Jeremiah O'Connor, GSS Coordinator, Kentz
BSc Hons degree in Construction Management & Engineering (Waterford Institute of Technology)
Job title GSS Coordinator
Employer Kentz (current) Sepam (2013)
In 2013 I was based on the east coast of Saudi Arabia. My project title was as Global Strategic Services (GSS) Coordinator. We were responsible for supporting the global strategic services of our company, which specialises in installations throughout many industries within the Middle East. My duties varied greatly from payroll & billing to business development, recruitment and contract negotiations. The main appeal for me was to get exposure to the industry and country as I intended to emigrate once my studies were complete.
Maaden aluminium smelter is 90 kilometres north of Jubail, on its completion it will be the largest fully integrated aluminium smelter in the world. We were located in a very isolated desert region. Living conditions are similar to a camp, dining halls, exercise rooms, and an en-suite bedroom. The work force is made up of many different languages, religions and nationalities, which all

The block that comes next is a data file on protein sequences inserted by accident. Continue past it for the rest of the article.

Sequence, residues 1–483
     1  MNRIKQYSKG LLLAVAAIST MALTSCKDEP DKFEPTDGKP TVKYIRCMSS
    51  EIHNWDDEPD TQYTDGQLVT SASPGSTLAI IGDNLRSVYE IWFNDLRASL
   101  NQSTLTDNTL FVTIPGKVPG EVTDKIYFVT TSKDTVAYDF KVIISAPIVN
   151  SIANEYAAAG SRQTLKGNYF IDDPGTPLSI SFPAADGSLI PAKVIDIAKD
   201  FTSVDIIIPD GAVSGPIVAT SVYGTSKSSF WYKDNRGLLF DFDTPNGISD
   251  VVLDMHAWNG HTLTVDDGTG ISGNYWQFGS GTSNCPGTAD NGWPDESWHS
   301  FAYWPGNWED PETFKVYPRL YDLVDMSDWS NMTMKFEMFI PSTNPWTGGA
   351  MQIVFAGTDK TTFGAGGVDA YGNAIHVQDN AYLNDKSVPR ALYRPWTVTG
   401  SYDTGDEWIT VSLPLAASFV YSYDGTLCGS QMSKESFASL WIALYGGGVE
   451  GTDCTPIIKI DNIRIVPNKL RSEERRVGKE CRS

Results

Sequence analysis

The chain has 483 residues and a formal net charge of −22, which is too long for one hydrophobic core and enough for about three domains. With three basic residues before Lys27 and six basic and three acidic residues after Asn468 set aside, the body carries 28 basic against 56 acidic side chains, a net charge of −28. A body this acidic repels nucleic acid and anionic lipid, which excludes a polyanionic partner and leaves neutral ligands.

need to be considered.
My daily routine could vary greatly. As one can imagine, the isolation and challenging work environment is not suited to everyone. Our workforce consisted of approximately 100 employees, each worker requires many different services; such as visa renewal, travel coordinating, salary revision, contract renewal etc. We would also support our in-country team, helping them with their requirements.
Challenges and benefits
There were many challenges, such as intense heat, sand storms, boredom, lack of amenities and difficulty in communicating. In my view the creation of a strong, successful site team is paramount to the transition of new employees. We were scheduled to work 6 days a week, 10 hrs a day, which could be extended due to on site developments.
I really enjoyed many aspects of the job, from contract negotiation to recruitment and business development. The most challenging time was when I first began managing a team after only being in country for a short period. However this was also one of the most rewarding periods. But, living on compounds with your employee base can be very difficult, as you can find issues can develop at any time.
Be realistic and understand the challenges of working in different countries, especially with so many different nationalities. I would advise students to speak with people who have experience and if possible with the company they hope to join. Keep electronic copies of passports, visas and other important documents and store them on a cloud forum. Once one has done their homework I would say go for it, hard as it may be, I truly enjoyed the experience and challenges. And to be honest, working and travelling abroad gives me a great buzz, one which I continue to chase.
Jeremiah O'Connor was interviewed for the gradireland Engineering sector guide 2015